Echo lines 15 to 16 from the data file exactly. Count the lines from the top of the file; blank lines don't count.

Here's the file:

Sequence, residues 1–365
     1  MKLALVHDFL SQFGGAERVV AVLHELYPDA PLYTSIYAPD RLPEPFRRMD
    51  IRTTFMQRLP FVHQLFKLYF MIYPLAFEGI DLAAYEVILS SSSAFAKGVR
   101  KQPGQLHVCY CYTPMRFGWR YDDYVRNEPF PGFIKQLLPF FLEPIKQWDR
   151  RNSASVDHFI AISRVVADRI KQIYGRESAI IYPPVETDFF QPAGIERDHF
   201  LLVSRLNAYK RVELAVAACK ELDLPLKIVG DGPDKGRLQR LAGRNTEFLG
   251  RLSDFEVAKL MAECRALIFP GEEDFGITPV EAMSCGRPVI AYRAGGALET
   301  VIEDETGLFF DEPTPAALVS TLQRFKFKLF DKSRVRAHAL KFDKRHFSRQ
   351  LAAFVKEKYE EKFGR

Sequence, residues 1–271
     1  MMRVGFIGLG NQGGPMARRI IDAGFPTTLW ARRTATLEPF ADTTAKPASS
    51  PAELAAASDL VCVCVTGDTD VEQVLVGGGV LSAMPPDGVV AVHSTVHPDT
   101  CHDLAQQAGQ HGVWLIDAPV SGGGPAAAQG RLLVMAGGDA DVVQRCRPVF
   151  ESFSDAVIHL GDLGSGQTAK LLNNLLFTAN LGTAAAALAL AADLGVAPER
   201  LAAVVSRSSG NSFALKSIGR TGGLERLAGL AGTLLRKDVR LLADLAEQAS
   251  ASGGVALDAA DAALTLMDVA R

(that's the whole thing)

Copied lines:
   201  LAAVVSRSSG NSFALKSIGR TGGLERLAGL AGTLLRKDVR LLADLAEQAS
   251  ASGGVALDAA DAALTLMDVA R